Hamsters (German for ‘hoard’) are humble creatures. Very often they are adopted as pets and occasionally, used in laboratory experiments. One of the first images that pop up in the head when someone says the word ‘hamster’ is that of the rodent running on a wheel, with no escape in sight, other than to keep the wheel going at its own expense, until some generous soul takes it out of the cyclic rut or the Grim Reaper arrives himself
For however long and hard the hamster might have run, nothing was ever certain except the arrival of Death. When nonexistence reduced the wretched creature to decayed matter, breaking him down into oblivion, none of his hard work, sacrifices, trophies, or success and failure alike mattered. The greatest fear of all living beings, amplified by the social constructs of the modern age, is not getting trolled, losing one’s wealth, or letting go of a loved one – it is becoming irrelevant. And Death derives its strength from the very same fear by putting a definitive full stop to a person’s voice. All that remained at the hamster’s funeral pyre were fragments of memory held on to by his peers who swore to carry on his legacy.
In Mad Girl’s Love Song, penned by Sylvia Plath when she was just 20, the poet plunges into sadness after realizing how she had built up castles of hope out of figments of imagination that would never stand the test of truth against reality
“ I shut my eyes and all the world drops dead;
I lift my lids and all is born again.
(I think I made you up inside my head.)
I should have loved a thunderbird instead;
At least when spring comes they roar back again.
I shut my eyes and all the world drops dead.
(I think I made you up inside my head.)”
It also speaks of the familiar temptation to get lost within the labyrinthine corridors of one’s own mind to escape the harsh reality of the external universe outside. Disconcertingly, that is how most of us spend our lives – living superficially with the minimum effort possible while our thought factories are filled to the brim with predictions about the future or while we reach for the deepest recesses of our minds to intoxicate ourselves with memories of yore. Like the drug it is, this behavior numbs us to the present and shields us from reality until we ‘lift our lids and all is born again‘
Death is the culmination of time as we know it – and that is a fact everyone knows about but few realize. Our cauldrons of time cannot be magically filled from time to time. Its contents are a finite, exhaustible resource. Nothing ever cheats the clock other than Death, and yet, the nemesis of demise, life, is often handled by mortal beings with little value as we whittle it away under the veil of busyness, chasing comforts or allowing our minds to wander away as the present slips from our hands like wisps of air.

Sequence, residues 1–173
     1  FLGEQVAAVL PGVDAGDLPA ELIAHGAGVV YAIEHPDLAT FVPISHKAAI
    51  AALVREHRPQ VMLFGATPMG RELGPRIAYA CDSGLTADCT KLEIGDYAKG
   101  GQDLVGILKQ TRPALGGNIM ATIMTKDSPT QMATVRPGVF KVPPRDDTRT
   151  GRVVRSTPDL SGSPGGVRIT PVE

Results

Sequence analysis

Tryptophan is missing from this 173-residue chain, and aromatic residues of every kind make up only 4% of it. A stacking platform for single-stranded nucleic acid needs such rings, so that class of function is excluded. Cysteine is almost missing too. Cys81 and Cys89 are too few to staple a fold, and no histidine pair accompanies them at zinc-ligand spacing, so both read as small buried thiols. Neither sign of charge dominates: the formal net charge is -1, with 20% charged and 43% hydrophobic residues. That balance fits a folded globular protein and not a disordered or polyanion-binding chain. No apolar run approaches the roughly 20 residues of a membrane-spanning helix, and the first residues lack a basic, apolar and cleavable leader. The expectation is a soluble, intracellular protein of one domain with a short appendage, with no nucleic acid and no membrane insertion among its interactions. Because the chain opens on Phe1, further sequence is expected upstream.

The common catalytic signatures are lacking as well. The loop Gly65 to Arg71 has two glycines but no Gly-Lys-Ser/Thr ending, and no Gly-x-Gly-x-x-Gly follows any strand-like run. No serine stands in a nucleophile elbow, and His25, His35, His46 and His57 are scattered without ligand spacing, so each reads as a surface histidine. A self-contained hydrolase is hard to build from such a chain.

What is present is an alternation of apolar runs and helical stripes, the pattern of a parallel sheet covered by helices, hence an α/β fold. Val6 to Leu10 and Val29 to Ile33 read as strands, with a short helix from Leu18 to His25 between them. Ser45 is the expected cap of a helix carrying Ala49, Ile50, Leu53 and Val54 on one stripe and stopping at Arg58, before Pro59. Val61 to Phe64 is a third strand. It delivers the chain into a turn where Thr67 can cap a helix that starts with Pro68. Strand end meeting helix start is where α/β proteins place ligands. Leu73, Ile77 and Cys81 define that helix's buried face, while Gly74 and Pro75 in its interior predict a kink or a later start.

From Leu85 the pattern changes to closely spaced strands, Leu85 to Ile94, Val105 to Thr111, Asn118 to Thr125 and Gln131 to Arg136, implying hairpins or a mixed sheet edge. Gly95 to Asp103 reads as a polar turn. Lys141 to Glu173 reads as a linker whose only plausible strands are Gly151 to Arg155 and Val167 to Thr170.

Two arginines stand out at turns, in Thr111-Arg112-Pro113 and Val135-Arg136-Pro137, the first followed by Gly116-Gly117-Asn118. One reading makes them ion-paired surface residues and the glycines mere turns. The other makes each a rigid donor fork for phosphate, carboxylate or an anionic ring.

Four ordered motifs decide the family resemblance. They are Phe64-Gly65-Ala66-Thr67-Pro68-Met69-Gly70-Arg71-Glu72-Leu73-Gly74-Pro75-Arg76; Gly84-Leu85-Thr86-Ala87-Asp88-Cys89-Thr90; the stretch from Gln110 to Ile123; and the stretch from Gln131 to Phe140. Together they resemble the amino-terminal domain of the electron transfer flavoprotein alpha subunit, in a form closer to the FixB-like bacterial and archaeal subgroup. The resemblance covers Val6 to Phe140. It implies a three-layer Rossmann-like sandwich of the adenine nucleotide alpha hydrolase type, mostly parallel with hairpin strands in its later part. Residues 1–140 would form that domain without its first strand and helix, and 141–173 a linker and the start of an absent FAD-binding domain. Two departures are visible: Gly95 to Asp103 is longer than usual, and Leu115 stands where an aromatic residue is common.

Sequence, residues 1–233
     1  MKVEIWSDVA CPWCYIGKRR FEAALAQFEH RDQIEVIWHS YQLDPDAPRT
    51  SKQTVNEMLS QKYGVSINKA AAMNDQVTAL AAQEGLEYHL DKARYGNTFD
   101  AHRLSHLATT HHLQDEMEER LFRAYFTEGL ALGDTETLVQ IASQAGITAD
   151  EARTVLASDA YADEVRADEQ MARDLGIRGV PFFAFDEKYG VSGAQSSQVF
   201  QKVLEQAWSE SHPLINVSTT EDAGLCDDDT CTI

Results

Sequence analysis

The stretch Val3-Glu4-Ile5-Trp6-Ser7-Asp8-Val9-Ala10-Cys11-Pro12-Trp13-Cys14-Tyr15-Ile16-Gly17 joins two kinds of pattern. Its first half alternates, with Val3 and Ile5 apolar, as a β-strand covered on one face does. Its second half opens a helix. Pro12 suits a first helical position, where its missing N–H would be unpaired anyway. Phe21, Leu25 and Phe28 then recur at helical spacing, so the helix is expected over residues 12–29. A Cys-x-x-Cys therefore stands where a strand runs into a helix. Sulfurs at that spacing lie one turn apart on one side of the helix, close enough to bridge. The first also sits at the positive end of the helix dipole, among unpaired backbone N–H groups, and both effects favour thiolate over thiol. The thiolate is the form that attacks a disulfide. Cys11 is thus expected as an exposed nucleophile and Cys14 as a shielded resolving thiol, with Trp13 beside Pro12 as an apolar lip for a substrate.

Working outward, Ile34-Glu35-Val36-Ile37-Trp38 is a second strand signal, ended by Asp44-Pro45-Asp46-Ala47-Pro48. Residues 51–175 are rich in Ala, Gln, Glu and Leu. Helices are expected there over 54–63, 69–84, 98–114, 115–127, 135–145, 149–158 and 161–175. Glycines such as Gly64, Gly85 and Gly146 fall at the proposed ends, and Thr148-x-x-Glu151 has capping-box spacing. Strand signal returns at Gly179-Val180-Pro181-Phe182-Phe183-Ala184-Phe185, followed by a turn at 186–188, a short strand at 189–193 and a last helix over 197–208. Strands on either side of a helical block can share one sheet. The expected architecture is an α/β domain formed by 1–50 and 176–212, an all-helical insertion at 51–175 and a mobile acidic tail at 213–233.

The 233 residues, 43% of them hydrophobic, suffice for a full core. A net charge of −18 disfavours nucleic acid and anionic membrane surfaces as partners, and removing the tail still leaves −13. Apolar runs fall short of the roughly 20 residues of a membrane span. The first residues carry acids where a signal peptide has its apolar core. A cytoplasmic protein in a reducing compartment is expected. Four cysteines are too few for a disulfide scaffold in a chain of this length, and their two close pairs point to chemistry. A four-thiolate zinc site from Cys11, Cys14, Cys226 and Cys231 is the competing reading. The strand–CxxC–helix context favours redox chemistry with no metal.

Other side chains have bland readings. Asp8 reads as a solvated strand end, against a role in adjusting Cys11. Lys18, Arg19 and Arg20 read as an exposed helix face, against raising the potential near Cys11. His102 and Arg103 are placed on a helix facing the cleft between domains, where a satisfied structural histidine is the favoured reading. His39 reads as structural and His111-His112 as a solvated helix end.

We live our lives in abject fear of Death, wondering about how nothingness would feel. Would we be transported into our afterlives? Would our friends and family remember us long after we are gone? In the process, we fail to take away the cloak of intimidation surrounding Death and see it for what it is – a timely ceremony to close the curtains on our lives rendering the future inaccessible. To further distill
it down to a lighter shade of reality, death proffers upon life a meaning. It tries to clear our dewy vision with its large hands to allow us to see that whatever we have right now and the time we are bestowed with is not limited to the confines of ‘forever.
The French philosopher Michel de Montaigne knew about the greatness and generosity of Death as far back as the 16th century. After a near-death experience in which he looked at the hooded figure face to face, all his fear melted away, never to return. He realized how thoughtlessly and how disrespectfully we trudge along the trail of time, poorly excusing mere survival as ‘living’. Not until we are forced into a situation that makes us question our fundamental beliefs, ideologies, and images about the universe do we acknowledge how we mortgage our soul at various points of time in our lives to strangers and strange things alike, merely for assurance or promise about a raise, promotion,perks or fame.
Death is not to be treated as a grotesque artifact of horror, it is indeed the very thing that gives our lives a purpose. Had we been immortal, what motivation would we have to educate ourselves? What compulsion would we have to create relationships or marvel at the beauty of nature? When and why should we do the things we need to do if our being was guaranteed anyway with no repercussions whatsoever on the velocity of our lives?
As trapped as the hamsters in the laboratories might look, the raw truth is that we are no different. So clouded are our perceptions about what a good life looks like that we waste our time (and literally life) in front of screens, needless arguments, and spend our emotional energies on petty things like there’s no tomorrow. But there is a tomorrow and the caveat is that the tomorrow we imagine will never come. What will come is the end with all the grandeur of a sunset sky (only if you can see it), snatching away your cauldron of time from you before you know it.
As a starting point, let us begin by befriending the Grim Reaper and voluntarily opting out of the proverbial hamster’s wheel ourselves. We might not have the privilege of living tomorrow, but what we do have is the ‘now’. Nothing is real apart from the present; escaping to any other epoch is akin to tumbling down the rabbit’s hole only to find yourself at the gates of purgatory. And when the Grim Reaper, with all its urgency, finally knocks on our door, all we need to know is that we spent our days in astute presence, weaving together moments of experiences, because living in itself is something worth fighting for. Pick up your scythe today and weed out anything which takes away the sheen from your pyre.